For the last five years, Birmingham City University has opened their gates as hosts to the annual Global Game Jam, a 48-hour game development event aimed at bringing anyone with a passion for games together to create a game from scratch. The diversity the jam promotes speaks volumes from its 36,000 jammers, 7,000 produced games and the involvement of 95 different countries this year alone.
I had the pleasure of organising this year’s event on behalf of the Computer Games Technology course. While I have planned other events in the past, the GGJ is particularly special to me as it promotes a platform that encourages developers of all abilities the experience to collaborate and produce something they can be proud of in just a weekend.
Being surrounded by an ocean of other passionate developers offers a unique opportunity to get instant feedback from those in similar roles but with a range of diverse backgrounds. Whether there is an issue with their code, a creative block or you’re just particularly curious about something, there is always someone around that can offer their input.
While news spreads across the university year-by-year, the quality of our events attracts students from around the country. From Nottingham to Cambridge, from Reddit to Twitter, the event has spiked in popularity this year, reaching a record-breaking 100 attendees and making this year the most attended GGJ event hosted at BCU.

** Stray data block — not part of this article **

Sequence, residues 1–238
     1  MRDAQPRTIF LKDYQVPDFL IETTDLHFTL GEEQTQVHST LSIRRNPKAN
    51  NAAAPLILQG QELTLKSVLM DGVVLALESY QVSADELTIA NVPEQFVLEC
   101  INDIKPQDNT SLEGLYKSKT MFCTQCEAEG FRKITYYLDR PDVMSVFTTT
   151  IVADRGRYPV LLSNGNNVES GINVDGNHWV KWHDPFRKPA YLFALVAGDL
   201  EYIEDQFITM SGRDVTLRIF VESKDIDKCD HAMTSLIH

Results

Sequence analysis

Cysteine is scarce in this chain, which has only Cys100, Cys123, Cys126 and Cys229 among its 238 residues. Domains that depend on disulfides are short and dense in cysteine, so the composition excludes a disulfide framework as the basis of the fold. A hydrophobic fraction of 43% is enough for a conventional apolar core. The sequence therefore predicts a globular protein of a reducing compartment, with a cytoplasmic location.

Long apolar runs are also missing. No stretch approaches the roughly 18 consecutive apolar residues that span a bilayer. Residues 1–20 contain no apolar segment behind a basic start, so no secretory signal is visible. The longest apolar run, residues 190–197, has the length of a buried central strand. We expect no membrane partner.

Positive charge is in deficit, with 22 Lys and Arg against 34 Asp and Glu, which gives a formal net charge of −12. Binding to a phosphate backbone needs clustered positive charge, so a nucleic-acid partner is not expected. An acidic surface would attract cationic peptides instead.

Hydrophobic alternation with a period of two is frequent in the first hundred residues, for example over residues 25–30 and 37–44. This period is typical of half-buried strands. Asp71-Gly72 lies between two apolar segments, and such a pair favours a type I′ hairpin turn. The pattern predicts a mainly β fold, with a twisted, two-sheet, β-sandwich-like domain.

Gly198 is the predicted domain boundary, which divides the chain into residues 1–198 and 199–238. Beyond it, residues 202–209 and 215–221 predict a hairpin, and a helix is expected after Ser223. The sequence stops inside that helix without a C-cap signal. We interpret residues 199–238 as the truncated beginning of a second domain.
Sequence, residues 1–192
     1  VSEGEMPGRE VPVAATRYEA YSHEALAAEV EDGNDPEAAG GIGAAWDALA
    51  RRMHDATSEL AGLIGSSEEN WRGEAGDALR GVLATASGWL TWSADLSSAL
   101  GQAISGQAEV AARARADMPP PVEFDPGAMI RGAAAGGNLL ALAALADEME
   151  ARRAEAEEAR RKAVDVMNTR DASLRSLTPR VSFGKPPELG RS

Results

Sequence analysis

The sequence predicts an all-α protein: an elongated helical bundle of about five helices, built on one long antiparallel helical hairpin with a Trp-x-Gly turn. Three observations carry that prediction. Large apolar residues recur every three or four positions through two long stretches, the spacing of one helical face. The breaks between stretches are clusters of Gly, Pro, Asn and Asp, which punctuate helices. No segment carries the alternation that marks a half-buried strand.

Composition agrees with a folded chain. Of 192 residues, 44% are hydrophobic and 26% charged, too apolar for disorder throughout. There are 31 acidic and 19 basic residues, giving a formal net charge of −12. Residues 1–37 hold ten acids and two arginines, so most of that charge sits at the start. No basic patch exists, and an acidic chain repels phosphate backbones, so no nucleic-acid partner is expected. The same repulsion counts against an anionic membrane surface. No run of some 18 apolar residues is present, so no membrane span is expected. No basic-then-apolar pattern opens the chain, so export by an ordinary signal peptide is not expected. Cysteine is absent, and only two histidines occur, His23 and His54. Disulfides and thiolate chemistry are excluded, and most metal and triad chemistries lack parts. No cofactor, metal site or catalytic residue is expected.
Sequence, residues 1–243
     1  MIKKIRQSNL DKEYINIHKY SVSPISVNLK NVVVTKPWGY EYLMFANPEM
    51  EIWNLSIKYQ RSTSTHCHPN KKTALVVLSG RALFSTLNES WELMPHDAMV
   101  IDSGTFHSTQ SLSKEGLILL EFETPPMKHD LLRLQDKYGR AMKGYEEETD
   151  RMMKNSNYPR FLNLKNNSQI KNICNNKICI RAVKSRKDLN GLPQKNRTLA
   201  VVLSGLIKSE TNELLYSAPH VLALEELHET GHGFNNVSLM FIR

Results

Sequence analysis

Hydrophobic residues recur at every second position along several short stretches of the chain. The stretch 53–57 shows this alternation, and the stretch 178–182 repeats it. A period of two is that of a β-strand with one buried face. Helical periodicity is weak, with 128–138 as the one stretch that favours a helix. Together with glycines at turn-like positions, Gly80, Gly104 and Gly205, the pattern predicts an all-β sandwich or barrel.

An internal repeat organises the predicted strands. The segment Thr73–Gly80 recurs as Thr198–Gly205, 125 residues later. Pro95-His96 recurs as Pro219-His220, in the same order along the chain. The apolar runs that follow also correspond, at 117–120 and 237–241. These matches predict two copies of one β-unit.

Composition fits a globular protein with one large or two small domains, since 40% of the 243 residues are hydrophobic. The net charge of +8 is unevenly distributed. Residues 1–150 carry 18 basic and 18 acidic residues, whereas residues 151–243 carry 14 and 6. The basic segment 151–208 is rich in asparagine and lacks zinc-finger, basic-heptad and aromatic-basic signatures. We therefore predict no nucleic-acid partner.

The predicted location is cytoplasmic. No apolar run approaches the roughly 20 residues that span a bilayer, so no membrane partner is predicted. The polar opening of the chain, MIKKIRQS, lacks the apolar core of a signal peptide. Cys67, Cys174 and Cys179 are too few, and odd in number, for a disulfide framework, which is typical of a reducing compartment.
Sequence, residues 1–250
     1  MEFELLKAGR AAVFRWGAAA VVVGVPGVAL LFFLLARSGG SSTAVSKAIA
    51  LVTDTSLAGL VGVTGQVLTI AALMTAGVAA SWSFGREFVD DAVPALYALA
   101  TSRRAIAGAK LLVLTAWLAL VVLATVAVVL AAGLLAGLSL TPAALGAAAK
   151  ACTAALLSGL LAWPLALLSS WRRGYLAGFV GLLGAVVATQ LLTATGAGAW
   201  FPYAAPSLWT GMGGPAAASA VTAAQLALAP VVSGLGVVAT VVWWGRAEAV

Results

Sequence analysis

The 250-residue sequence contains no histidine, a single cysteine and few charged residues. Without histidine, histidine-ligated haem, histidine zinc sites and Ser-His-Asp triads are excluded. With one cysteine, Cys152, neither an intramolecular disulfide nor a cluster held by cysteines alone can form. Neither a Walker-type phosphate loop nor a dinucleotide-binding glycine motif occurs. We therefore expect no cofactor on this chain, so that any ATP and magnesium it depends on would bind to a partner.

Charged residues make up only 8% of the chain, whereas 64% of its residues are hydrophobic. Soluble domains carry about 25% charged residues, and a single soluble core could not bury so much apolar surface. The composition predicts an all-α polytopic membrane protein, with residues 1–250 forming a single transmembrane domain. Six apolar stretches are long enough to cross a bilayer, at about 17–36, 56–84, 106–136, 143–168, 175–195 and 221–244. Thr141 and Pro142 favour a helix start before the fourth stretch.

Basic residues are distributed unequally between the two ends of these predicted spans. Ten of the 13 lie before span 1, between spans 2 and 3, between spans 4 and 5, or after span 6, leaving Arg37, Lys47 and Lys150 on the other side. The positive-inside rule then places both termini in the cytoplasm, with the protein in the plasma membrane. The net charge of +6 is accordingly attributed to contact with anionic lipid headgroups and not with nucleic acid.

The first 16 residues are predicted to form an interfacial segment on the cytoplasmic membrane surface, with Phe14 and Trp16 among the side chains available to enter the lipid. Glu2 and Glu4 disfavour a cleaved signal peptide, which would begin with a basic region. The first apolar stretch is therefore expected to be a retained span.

There was a consistently positive atmosphere, partially lit with the excitement of glow sticks and neon bracelets, even with the wave of exhaustion hitting those attempting to ironman the 48 hours without any sleep.
We also had the honour of receiving Jake Parker and Adam Kaye from fishinabottle as well as Andrew Hague from Very Good Friend, having their expertise in the judging process was a great asset and allowed our developers to ask questions, receive feedback on their games and expand their professional network. See the bottom of this page for links to their studios.
For those who were awake, we also conducted live interviews, even being featured on the official Global Game Jam “Twitch.tv” channel. It was great to see the live progress of the games being produced and the differences in workflows between teams.
After promoting a fantastic weekend of game development and collaboration, I’m incredibly proud of how well the event turned out. It wouldn’t have been possible without the help of Dr Wilson, our volunteers, and our fantastic guest judges from fishinabottle and Very Good Friend. Most importantly, however, we managed to cultivate a space where our many attendees could work creatively and do so with the support of a local development community.
Here’s to GGJ 2018!